Protecting Employers Since 1985
Nancy E. Joerg, Esq.
Senior Attorney and Shareholder
Wessels Sherman Joerg Liszka Laverty Seneczko P.C.
St. Charles, Illinois
In January 2008, the Illinois Department of Labor published its “Proposed Rules” for the Illinois Employee Classification Act. Under this law, a company such as a construction company, a trucking company which hauls gravel or road building materials, a landscape company, and a wide variety of other construction related companies, can be challenged by the Illinois Department of Labor (IDOL) and “interested parties” on how the company classifies workers as either employees or independent contractors.
There was a “public comment” period which gave “the public” a chance to be heard on how it feels regarding the Proposed Rules for the Illinois Employee Classification Act. The public comment period expired on February 25, 2008.
This article will discuss two key issues: 1) record keeping requirements, and 2) the posting requirements.
RECORD KEEPING REQUIREMENTS:
There are strict record keeping requirements in the Proposed Rules to the Illinois Employee Classification Act. You must keep the documents specified in the Rules, on each construction-related independent contractor, for a period of FIVE years.
For example, if your were audited by the Illinois Department of Labor in 2015, the IDOL would require you to have records [as described below] on each construction-related independent contractor that you used for the past five years.
Records that must be maintained for each construction-related independent contractor include, but are not limited to:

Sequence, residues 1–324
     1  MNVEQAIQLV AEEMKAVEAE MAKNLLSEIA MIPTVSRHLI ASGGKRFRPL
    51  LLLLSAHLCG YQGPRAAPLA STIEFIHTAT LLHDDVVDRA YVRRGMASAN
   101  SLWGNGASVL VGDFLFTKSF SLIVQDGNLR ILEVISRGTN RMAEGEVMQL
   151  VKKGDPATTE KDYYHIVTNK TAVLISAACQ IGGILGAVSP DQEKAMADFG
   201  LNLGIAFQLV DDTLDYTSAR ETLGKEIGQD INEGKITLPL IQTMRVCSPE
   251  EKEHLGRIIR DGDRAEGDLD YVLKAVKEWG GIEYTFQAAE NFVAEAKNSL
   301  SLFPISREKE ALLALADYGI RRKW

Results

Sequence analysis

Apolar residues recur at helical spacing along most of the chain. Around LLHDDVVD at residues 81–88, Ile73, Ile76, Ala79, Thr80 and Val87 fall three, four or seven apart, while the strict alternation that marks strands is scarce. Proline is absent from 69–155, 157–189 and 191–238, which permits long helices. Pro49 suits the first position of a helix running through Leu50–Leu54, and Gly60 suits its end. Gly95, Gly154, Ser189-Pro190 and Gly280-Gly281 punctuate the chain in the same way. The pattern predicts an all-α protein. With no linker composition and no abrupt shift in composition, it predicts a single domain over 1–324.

1) their names, addresses, phone numbers, Social Security numbers, Individual Tax Identification Numbers and Federal Employer Identification Numbers;
2) the type of work performed and the total number of days and hours worked;
3) the method, frequency and basis on which wages were paid or payments were made;
4) all invoices, billing statements or other payment records, including the dates of payments, and any miscellaneous income paid or deductions made;
5) copies of all contracts, agreements, applications and policy or employment manuals; AND
6) any federal and State tax documents or other information the Illinois Department of Labor deems relevant or necessary.
Beware: If you violate the record keeping requirements, you violate the Illinois Employee Classification Act!
The Illinois Employee Classification Act requires you to post the IDOL’s Notice about the Illinois Employee Classification Act (in English, Spanish, and Polish) in your workplace and at every worksite. Where it is not practicable to post a notice on the job site, you must give a copy of the Notice to each construction-related independent contractor.
TIP: Give each of your independent contractors who are construction-related a copy of the Notice for them to keep, and have them sign and date another copy for you to keep in each independent contractor’s file to prove that the independent contractor received the Notice. Do this on a yearly basis.
Beware: If you violate the posting requirements, you violate the Illinois Employee Classification Act!
When a construction related company who uses independent contractors is found in violation of the Employee Classification Act, the company could be hit with substantial financial penalties, possible shut down of its business or job sites, and, most worrying to many, misdemeanor or felony criminal charges.
FREE INFORMATION: Readers can contact Legal Assistant Tammy Nelson at 630-377-1554 or email@example.com for a free copy of the Illinois Employee Classification Act, the Proposed Rules, and the required Poster. Please also visit our website at www.wesselssherman.com.
If you have any questions about the Illinois Employee Classification Act, contact Senior Attorney and Shareholder Nancy Joerg at 630-377-1554.
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